Thomas the Rhymer.
TRUE Thomas lay on a Huntlie bank;
A ferlie he spied wi` his e`e;
And there he saw a ladye bright
Come riding down by the Eildon Tree.
Her skirt was o` the grass–green silk,
Her mantle 0` the velvet fyne;
At ilka tett 0` her horse`s mane,
Hung fifty siller bells and nine.
True Thomas he pu`d aff his cap,
And louted low down on his knee
“Hail to thee Mary , Queen of Heaven!
For thy peer on earth could never be.”
“O no, O no, Thomas” she said,
“That name does not belang to me;
I`m but the Queen o` fair Elfland,
That am hither come to visit thee.”
“Harp and carp, Thomas” she said;
“Harp and carp along wi`me;
And if ye dare to kiss my lips,
Sure of your bodie I will be.”
“Betide me weal; betide me woe,
That weird shall never daunten me.”
Syne he has kiss`d her rosy lips,
All underneath the Eildon Tree.
“Now ye maun go wi` me,” she said,
“True Thomas, ye maun go wi` me;
And ye maun serve me seven years,
Thro` weal or woe as may chance to be.”
She`s mounted on her milk–white steed,
She`s ta`en true Thomas up behind;
And aye, when`er her bridle rang,
The steed gaed swifter than the wind.
O they rade on, and further on,
The steed gaed swifter than the wind;
Until they reach`d a desert wide,
And living land was left behind.
“Light down, light down now, true Thomas,
And lean your head upon my knee;
Abide ye there a little space,
And I will show you ferlies three.”
“O see ye not yon narrow road,
So thick beset wi` thorns and briers?
That is the Path of Righteousness,
Though after it but few inquires.”
“And see ye not young braid, braid road,
That lies across the lily leven?
That is the Path of Wickedness,
Though some call it the Road to Heaven.”
“And see ye not yon bonny road
That winds about the fernie brae?
That is the road to fair Elfland,
Where thou and I this night maun gae.”
“But, Thomas, ye sall haud your tongue,
Whatever ye may hear or see;
For speak ye word in Elfin–land,
Ye`ll ne`er win back to your ain countrie.”
O they rade on, and farther on,
And they waded rivers abune the knee;
And they saw neither sun nor moon,
But they heard the roaring of the sea.
It was mirk, mirk night, there was nae starlight,
They waded thro` red blude to the knee;
For `a the blude that`s shed on the earth
Rins through the springs o` that countrie.
Syne they came to a garden green,
And she pu`d an apple frae a tree:
“Take this for thy wages, true Thomas;
It will give thee the tongue that can never lee.”
“My tongue is my ain,” true Thomas he said;
“A gudely gift ye wad gie to me!
I neither doubt to buy or sell
At fair or tryst where I might be.”
“I doubt neither speak to prince or peer,
Nor ask of grace from fair ladye!”—–
“Now haud thy peace, Thomas,” she said,
“For as I say, so must it be.”
He has gotten a coat of the even cloth,
And a pair o` shoon of the velvet green;
And till seven years were gane and past,
True Thomas on earth was never seen.
Whether you believe a supra natural being is responsible for our existence or not, there can be no doubt that we have no life without our planet Earth. Pre-industrial and Enlightenment society was much closer to the rhythms of Mother Earth than we are, cocooned within the embrace of modern technology; past times relied upon the seeming whims and vagaries of the seasons to bring bounty, or famine. The implacable forces of nature needed to be understood, and through the attempt at understanding came that very human resource used to order and explain natural events – the story. From Gilgamesh, the Bible, through to the present day when modern science has taken on the mantle of encyclopedic Oracle, humanity has struggled to place “happenings” in the greater scheme of things.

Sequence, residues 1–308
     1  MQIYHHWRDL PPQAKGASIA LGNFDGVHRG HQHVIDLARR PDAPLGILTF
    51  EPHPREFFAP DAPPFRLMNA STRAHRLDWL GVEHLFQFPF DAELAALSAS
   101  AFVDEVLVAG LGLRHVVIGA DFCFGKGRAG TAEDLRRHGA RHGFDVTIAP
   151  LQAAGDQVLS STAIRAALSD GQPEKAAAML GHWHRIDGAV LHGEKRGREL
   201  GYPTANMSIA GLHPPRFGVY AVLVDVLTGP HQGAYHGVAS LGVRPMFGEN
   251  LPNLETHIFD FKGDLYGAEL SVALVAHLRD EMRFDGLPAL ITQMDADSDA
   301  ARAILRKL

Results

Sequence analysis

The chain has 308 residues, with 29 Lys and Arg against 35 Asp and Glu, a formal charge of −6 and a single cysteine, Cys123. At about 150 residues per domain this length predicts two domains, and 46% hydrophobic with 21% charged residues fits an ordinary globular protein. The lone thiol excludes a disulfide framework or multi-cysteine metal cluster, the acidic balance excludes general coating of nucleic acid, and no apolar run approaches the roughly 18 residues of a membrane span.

Thomas the Rhymer was not only one of a long line of story tellers and spinners of tales which stretched back to the crack of doom, but he was a real person. Do you believe in faeries? Well, at the time of Thomas the Rhymer on the wild borderlands between England and Scotland in the 13th century, they certainly did.
Thomas lived from 1220-1297 and came from Ercildoune (later to become Earlston), and loved to go and lie on the river bank, soak up the warm sun and let his imagination wander. One day, he saw the Queen of the Elves who lived in the Eildon Hills come riding past on her snow white horse upon whose mane hung fifty nine silver bells which sang like a choir of Cherubin and Seraphim, wearing her dress of green silk and velvet.
Thomas fell inescapably under her enchanted spell, and journeyed deep within the hollow Eildon Hills to the “Faerie Otherworld”, where Thomas is given a traditional Faerie example of initiation and exposition; they are called the Path of Wickedness, the Path of Righteousness, and the Path to Elfland.
2. Living Creatures.
3. The Faerie races, represented as paths of consciousness.
Humanity represents the Wicked Path ( or the modernism of today perhaps)
Righteousness is the innocence of Living Creatures without the compulsion of avarice and ego.
The Path to Elfland is called The Bonny Way, or the Path of Inner Light and Understanding.
While in the Faerie Otherworld, Thomas was given the gift of prophecy, and found that when he returned to the mortal world he could not tell a lie, and so became known as “True Thomas”.
It`s said that Thomas predicted the death of King Alexander III, on a suitably wild, and stormy night, 18th March, 1286 – the very night before Alexander died. His other predictions are said to include the Battle of Bannockburn, the Jacobite uprisings, and the union of the crowns of England and Scotland, among a myriad others.
Whatever, The Ballad of Thomas the Rhymer is firmly placed within the tender and loving bosom of a poetic folklore which has always been used to weave a deep fabric of imaginings, to make sense of a seemingly senseless world, and create some sort of order out of chaos in an entertaining and imaginative way.